The Chairperson noted that Mr Fikile Mbalula, Minister of Sport and Recreation, would be briefing the Committee on the new strategic plan at another meeting.
The Chairperson noted that the main advantage of the most recent Olympic Games was that every South African had agreed on the importance of sport, and now a strategic approach must be adopted to ensure that sport was taken to higher levels of development. This Committee must now serve Parliament’s and the country’s interests, and raise critical areas of sport, in view of the positive mood around sport in the country.
The Chairperson noted that the Committee should release a press statement congratulating the South African Olympic Team, wishing them well and stating that their performance at the games had put the country at a highest level, since South Africa had obtained amongst the highest number of medals from Africa.
Mr M Dikgacwi (ANC) informed the Committee that he had been invited to attend the South Western Province School Sport Federation meetings from 27 August to 2 September 2012.
The Chairperson thanked Mr Dikgacwi for this information and said that this type of engagement would assist the Committee in determining implementation of the sport development plan
Draft Committee Report on Oversight Visit to sports facilities in Eastern Cape; KwaZulu-Natal and Gauteng
The Chairperson asked the Committee Secretary to take Members through the draft Committee Report on the oversight visits to sports facilities in Eastern Cape; KwaZulu-Natal and Gauteng, which took place from 3 to 9 June 2012. He stressed that at this stage the Report was in draft, so he would like Members to concentrate on the content and observations, and decide upon the final recommendations. The Committee should also plan follow-up visits in the provinces including Tswane University and any other area where there were no conflict of interests. They should also identify areas that were doing well in sport so that they visit them even if it was not oversight function but rather looking at development of sport.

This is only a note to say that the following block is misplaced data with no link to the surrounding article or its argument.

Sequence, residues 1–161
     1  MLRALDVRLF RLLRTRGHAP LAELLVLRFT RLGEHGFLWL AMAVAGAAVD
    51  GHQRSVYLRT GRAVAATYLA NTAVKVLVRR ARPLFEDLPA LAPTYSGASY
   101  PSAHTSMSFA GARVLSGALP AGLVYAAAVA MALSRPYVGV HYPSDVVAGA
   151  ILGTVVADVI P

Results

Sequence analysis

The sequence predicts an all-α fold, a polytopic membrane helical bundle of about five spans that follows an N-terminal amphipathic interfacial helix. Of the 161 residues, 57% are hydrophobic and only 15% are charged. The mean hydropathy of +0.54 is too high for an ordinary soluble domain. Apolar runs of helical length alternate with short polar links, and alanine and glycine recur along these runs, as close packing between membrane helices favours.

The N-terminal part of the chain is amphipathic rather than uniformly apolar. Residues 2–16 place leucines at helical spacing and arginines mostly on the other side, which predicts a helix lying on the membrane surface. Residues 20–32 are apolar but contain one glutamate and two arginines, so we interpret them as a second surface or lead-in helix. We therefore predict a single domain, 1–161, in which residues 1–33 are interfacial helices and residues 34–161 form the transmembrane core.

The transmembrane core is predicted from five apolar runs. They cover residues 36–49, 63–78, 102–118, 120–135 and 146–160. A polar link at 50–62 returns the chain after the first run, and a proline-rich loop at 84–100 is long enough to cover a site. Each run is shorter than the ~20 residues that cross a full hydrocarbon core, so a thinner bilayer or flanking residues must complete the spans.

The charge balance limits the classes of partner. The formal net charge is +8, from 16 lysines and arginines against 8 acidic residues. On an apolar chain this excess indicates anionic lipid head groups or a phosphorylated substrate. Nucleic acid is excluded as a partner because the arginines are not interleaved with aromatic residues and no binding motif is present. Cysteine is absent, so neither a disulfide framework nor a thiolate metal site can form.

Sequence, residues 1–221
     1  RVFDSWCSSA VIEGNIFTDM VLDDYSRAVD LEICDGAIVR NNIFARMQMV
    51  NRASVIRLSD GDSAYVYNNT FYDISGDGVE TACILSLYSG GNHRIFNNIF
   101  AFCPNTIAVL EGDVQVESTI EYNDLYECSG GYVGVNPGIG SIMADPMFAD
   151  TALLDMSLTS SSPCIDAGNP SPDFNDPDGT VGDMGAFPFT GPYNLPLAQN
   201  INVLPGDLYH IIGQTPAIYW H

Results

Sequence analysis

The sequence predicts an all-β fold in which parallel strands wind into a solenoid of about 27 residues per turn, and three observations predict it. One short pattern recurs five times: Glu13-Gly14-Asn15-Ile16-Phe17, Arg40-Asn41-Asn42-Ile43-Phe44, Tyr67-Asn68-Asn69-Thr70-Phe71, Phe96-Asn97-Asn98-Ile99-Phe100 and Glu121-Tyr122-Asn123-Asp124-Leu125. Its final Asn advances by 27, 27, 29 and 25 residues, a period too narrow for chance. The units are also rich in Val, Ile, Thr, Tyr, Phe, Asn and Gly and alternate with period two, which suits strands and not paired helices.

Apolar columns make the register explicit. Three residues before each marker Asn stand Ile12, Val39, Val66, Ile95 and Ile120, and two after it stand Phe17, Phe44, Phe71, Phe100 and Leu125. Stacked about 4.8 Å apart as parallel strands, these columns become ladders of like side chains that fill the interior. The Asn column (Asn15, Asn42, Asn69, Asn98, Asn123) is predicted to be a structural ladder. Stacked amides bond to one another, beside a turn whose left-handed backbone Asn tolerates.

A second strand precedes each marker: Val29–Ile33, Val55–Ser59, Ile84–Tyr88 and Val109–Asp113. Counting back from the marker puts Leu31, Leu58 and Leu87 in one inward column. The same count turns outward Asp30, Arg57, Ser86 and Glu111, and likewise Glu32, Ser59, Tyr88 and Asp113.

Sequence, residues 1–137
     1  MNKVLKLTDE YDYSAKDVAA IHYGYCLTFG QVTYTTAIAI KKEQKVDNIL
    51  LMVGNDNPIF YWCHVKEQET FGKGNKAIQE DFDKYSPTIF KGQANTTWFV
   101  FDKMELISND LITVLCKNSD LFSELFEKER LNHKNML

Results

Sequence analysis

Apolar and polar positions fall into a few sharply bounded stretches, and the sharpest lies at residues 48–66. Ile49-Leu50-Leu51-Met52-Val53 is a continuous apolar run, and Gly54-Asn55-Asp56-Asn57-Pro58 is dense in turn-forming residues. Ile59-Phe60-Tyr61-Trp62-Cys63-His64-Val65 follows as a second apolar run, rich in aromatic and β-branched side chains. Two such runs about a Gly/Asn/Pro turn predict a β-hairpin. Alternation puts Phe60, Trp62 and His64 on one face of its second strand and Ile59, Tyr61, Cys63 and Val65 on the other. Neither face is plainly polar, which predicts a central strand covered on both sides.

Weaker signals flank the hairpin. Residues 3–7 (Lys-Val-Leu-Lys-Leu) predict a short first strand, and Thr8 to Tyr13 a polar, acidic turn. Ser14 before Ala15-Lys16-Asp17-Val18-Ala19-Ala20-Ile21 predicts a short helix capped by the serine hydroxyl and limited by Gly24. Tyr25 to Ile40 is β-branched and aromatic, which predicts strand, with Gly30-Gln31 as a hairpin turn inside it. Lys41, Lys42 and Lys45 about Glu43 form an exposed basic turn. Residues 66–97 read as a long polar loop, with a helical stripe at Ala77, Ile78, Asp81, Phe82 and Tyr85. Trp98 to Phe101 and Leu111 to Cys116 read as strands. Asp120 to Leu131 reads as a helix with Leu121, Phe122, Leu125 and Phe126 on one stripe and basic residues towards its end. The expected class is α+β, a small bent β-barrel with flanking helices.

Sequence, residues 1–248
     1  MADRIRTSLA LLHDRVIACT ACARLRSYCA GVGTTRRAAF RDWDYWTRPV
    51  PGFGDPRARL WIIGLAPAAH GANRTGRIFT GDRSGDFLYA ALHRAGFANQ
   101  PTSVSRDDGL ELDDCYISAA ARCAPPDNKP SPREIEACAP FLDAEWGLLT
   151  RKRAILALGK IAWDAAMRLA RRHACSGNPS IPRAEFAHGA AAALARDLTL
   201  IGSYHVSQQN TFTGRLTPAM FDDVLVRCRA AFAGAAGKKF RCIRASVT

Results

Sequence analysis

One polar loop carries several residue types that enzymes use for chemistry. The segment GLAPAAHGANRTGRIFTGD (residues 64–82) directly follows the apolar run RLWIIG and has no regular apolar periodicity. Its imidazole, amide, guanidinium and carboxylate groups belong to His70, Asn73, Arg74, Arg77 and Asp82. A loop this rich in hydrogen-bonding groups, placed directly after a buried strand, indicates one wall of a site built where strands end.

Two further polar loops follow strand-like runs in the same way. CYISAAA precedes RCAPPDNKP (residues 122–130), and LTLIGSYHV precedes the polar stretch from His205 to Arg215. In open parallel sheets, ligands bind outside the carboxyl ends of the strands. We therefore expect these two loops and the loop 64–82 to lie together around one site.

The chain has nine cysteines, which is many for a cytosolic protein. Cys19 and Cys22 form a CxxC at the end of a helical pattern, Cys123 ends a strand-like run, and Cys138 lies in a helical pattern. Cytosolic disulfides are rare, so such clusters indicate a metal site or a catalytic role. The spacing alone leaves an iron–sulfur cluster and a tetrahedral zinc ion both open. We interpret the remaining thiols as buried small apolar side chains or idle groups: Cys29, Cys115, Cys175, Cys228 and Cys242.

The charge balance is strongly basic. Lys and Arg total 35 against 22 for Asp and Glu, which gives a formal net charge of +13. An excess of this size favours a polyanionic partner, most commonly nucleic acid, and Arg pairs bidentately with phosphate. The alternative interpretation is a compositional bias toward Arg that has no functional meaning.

Mr Lichakani Phori, Committee Secretary, tabled and took Members through the draft Report. He noted that the main purposes of the oversight visit had been:
- to interact with sport and recreation stakeholders of municipalities in order to solicit their views and inputs
- to establish whether the sports facilities were accessible and had been upgraded in line with the commitment from 2010 FlFA Legacy Programme
- to allow the Committee to appraise the sporting facilities that had been developed, the investments that had been made and future development plans for further improvements of various sports facilities.
He noted that the key stakeholders who made submissions were named in the report.
Mr Phori reiterated that the Committee had wanted to evaluate and assess the state of sport facilities in different municipalities of the provinces, and to assess the accessibility and sustainability of the facilities, which had been built by municipalities using public funds. The Committee had also monitored spending patterns, and investigated whether municipalities were utilising the Municipal lnfrastructure Grant (MIG). The Committee was now in a position to respond decisively to the weaknesses and failures observed in municipalities in provision of sport services.
A briefing had been given on the various funding models available to metros and municipalities by the Department of Sports and Recreation (SRSA). All municipalities had access to two funding vehicles created through a properly constituted legal framework. These were the MIG, which was the key funding mechanism to assist municipalities in implementing their Integrated Development Plans (IDPs) and build sport infrastructure. The Select Committee on Appropriations, in its report on the 2011 Division of Revenue Bill (which had since been adopted by the NCOP) had resolved that National Treasury should stipulate specific conditions or regulations with MIG funding that would effectively ring-fence the 15% meant for development of sports facilities. That ringfencing of 15% funding had happened on 10 May 2011, and therefore this portion of the allocations must go to building of sports facilities in municipalities. Most municipalities received the MIG, but the larger ones were funded also through the Urban Settlement Development Grant (USDG). Although this resided within the Department of Human Settlements, it had a sports component, since the funding was intended to assist with development of sports facilities at the early stages of town planning.